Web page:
Don’t look for an entire kitchen you like. But instead focus on pieces of the kitchen. One photo may be the perfect color, another best style; another has legs you love on the island, or a pantry pullout system that would make your life so much easier. Gather it all up and take it to the cabinet designer at LWi Custom Cabinets. You’ll work with Joshua. That’s his job, to look at your space and make it all work for you.
Once it’s all designed, you’re on your way. Now is the time to take care of electrical and plumbing you may need done, choose new flooring, countertops, new paint, and lighting. Most of all, always keep in mind that final look of your new kitchen and how you’ll feel once you are enjoying it while you have your morning coffee.
Just for fun, here’s a picture gallery of some unique and interesting cabinet gizmos and appliances for cooking, cleaning, and cooling.
It’s an old saying, and one that still holds true. In today’s faster and cheaper world, a lot of the most important decisions are based solely on price and how fast we can get it. Sometimes faster and cheaper is just that. When you’re comparing remote controls, you might stand there for 20 minutes looking at all of the options before you decide. You pride yourself on finding the most bang for your buck, and move on. Maybe later you realize that you should have taken a little more time, and bought that one that was $5 more. We all do it, and usually end up buying twice. Value and lowest price aren’t the same thing.
Whether you’re building a new home or remodeling your existing home, if you’re like most people, you have done your homework. You’ve looked at all the latest websites, schemed and dreamed, and come armed with a big book of ideas and plans. Taking all of those pictures and convenience hardware options and integrating them into your exact space isn’t easy.
Factors to consider when choosing a custom cabinet maker:
Customer Service – Customer service is probably one of the most important. If you’re waiting two weeks for a bid from one company, and another has already met you, provided samples and designs, and accurate pricing, then you shouldn’t keep waiting. The same way you’re waiting for a bid is how you’ll be waiting 6 weeks late on your cabinets, and then waiting again for them to come and do their punchwork if you go with waiting. There is a serve in customer service. Find someone that wants your business, takes care of your needs and questions quickly and efficiently. How you are treated is something to never overlook for the potential “savings”.
Quality – What your cabinets are made out of and how they’re put together is important. Do you save $1,000 bucks and live with puttied nail holes that don’t match scattered across the face of your $15,000 dream kitchen? Did you consider asking how they attached their face frames? Most people don’t. Are you painting your cabinets? Are you being quoted “Paint Grade” by one company and “Paint Grade Maple” by another? Most people don’t know that what’s specified as “Paint Grade” is usually a combination of wood species and man-made pressed board that could never take paint evenly. “Paint Grade Maple” is just that, solid white maple. The nebulous combination of “Paint Grade” might save you a little money up front, but what are you going to have to live with? You’ve put so much time and thought in your dream kitchen, would you want to pinch pennies in quality?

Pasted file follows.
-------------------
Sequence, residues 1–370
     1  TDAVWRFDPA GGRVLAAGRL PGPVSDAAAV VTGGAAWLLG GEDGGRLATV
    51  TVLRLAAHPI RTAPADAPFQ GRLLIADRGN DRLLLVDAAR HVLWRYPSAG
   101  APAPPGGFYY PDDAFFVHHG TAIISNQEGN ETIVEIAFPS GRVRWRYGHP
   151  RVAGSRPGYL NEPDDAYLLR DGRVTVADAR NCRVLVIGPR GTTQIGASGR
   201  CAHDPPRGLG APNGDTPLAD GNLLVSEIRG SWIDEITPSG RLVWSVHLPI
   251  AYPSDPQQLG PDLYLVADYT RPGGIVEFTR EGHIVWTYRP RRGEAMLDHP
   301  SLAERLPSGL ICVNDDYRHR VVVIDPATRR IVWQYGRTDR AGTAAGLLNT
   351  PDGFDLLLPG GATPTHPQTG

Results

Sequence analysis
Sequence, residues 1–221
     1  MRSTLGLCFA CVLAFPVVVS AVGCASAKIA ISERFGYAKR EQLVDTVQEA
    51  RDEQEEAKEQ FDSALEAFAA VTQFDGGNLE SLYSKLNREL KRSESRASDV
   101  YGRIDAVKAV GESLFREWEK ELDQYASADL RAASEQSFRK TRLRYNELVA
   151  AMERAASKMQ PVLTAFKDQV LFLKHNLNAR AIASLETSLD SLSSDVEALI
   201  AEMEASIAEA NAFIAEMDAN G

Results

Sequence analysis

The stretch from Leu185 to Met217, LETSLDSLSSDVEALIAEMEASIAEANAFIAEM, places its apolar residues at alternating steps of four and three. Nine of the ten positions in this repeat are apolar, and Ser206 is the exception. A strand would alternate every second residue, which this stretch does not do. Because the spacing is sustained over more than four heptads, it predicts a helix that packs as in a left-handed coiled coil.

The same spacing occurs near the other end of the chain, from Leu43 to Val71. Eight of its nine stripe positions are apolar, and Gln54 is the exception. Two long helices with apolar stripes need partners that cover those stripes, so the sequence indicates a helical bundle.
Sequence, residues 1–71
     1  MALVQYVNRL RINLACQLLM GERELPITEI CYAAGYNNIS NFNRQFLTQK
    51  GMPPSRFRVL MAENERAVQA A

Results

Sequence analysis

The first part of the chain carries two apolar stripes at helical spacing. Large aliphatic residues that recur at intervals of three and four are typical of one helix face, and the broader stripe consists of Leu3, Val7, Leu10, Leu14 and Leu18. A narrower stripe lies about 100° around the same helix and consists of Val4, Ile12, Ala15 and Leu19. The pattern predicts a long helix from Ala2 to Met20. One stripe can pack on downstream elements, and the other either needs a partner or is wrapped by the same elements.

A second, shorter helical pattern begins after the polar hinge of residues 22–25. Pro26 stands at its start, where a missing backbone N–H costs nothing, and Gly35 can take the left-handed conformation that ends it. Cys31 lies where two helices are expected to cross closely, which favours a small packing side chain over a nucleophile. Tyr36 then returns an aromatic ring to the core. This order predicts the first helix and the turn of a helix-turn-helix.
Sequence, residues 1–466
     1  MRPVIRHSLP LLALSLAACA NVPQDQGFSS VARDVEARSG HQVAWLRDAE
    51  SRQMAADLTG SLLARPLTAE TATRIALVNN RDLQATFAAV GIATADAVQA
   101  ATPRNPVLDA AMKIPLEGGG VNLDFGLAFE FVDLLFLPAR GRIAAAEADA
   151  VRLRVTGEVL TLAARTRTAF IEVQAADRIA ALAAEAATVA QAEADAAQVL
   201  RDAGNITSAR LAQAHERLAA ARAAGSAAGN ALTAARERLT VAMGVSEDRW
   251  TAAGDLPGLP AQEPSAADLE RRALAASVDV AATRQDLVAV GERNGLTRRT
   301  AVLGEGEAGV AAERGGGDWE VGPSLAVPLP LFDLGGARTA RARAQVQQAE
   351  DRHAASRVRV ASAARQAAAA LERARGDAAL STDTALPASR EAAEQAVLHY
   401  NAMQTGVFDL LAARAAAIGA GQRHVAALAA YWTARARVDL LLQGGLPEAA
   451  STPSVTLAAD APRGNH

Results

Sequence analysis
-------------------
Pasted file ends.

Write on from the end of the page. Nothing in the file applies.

Finish – The most beautiful cabinets in the world can still be ruined by a poor finish, and the ugliest can be made beautiful by a good finish. The finish is really what you see when you look at cabinets to be honest. Are you really comparing the same things when you look at pre-finished and job-finished? The guys that painted your walls might be cheap to throw some stain or paint on your cabinets, but what’s that going to look like in your home that you’ve worked so hard for? Wouldn’t you rather your project be finished in a dust-free controlled environment by experience professionals using state of the art processes? You might save $500 having those painters “stain and finish” your cabinets, but who’s going to pay them to put them all back together when they’re through? How many options and samples do you think the wall painters will have for your unique finish? What is the finished product going to look like when you’re through, and isn’t it worth $500 to be happy with the finish?
Installation – Getting your new dream kitchen installed properly is probably the most crucial step. You’ve approved your designs and finishes and can’t wait to see what it all is going to REALLY look like. Are the same people that designed and built your cabinets installing them? Some cabinet companies “sub out” their installs to other individuals that you’ve never met and have never seen your cabinets before the morning they arrive at your home. Are you comparing a sub-out install to an employee install? Will your project manager be there to oversee the crew? Will the installers even speak your language? It might be a wash price wise, but you can bet that if your cabinet price has installation as a separate line item, your cabinet install is being subbed-out to the lowest bidder. Having the people that know your cabinets inside and out install them not only saves you time, it produces a better end result. Isn’t that what you’re looking for?